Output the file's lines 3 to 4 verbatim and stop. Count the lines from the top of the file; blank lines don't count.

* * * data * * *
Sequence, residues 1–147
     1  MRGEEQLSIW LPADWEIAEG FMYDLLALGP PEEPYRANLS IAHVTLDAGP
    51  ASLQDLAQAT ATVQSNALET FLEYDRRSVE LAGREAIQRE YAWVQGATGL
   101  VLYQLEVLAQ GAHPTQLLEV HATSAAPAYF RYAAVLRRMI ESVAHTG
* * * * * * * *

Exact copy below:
    51  ASLQDLAQAT ATVQSNALET FLEYDRRSVE LAGREAIQRE YAWVQGATGL
   101  VLYQLEVLAQ GAHPTQLLEV HATSAAPAYF RYAAVLRRMI ESVAHTG